Uisge Beatha in Gaelic literally means ‘water of life’. The Water of Life is an engrossing piece of work that will hold your interest all along. When I read the excerpt I wasn’t very sure what this book was going to be about. I certainly did not want to read a diatribe on the whisky making process, or a harangue on why Scotch was the best whisky, for example. But the book totally surprised me, pleasantly.
Before I try to talk about this book, I will say this. There is no way you can be neutral to it. you will either like it or hate it. But there is so much going on that at least some part of it will appeal to your interest. Actually, it will hold you enthralled.
If learning the history of whisky is why you want to read this book, don’t worry. There is a lot of it, but it is in story form and woven throughout the book. If you want a historical mystery, you will certainly find one here. And also a contemporary one.
One of the things I found hardest while reading this book was the multiple timelines. There is not just one or two but ‘mutiple’ timelines here. Many of the characters have similar names, so that adds to the confusion. But this is also what keeps the story interesting. I read this book on the Kindle, so maybe it was tougher. I think it is easier to flip back pages to ‘revise’ something with a paper book than in digital format.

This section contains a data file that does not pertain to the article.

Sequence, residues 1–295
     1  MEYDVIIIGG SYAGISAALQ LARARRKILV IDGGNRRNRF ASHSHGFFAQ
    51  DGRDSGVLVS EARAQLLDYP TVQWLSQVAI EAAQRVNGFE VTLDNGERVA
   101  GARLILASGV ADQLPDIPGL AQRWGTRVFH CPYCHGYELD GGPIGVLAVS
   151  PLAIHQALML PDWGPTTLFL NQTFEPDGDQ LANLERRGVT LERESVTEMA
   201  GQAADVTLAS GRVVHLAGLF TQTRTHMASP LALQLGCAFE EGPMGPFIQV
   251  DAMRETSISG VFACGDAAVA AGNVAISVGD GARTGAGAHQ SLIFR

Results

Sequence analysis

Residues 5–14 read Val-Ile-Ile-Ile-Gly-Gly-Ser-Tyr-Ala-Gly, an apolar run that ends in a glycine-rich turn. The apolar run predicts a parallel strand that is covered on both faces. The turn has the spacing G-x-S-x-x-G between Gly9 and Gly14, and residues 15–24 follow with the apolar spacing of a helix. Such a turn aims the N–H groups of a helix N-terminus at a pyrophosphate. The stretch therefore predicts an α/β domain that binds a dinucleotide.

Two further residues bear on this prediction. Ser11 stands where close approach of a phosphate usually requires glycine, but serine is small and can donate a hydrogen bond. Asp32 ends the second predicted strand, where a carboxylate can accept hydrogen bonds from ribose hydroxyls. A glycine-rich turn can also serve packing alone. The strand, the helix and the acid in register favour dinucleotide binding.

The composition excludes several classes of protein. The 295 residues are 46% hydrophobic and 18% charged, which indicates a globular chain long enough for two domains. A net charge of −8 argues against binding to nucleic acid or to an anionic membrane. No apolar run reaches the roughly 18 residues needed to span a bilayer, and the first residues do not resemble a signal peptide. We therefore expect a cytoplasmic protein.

Elizabeth Legrand has a heavy legacy. She is one of the few residents of Georgian Bay, a small island community somehree in Northern Canada. She finds an old stash of Scotch in her house and decides to produce it. She wants to create new blends using the ancient Glen Dubh that she has come across. She ropes in some supporters and embarks on what is supposed to be a mad venture. We spiral back several centuries in time to the first days of the Glen Dubh and the Fearmor clan that created it.
The narrative goes back and forth between many centuries ago, the 20th century, the present and somewhere in between. It all comes together in a crescendo when you finally learn how an ancient Scotch ended up in Canada. Will the new blend be successful? Or will a dreaded curse result in doom for the whole community.
Is Elizabeth Legrand touched in the head? Or is she just passionate about her work and life’s mission. The Water of Life is a good, good read for anyone who loves a good story. And it is definitely worth a read once.
And by the way, yes, you will learn a lot about whisky and single malts and blends and all that.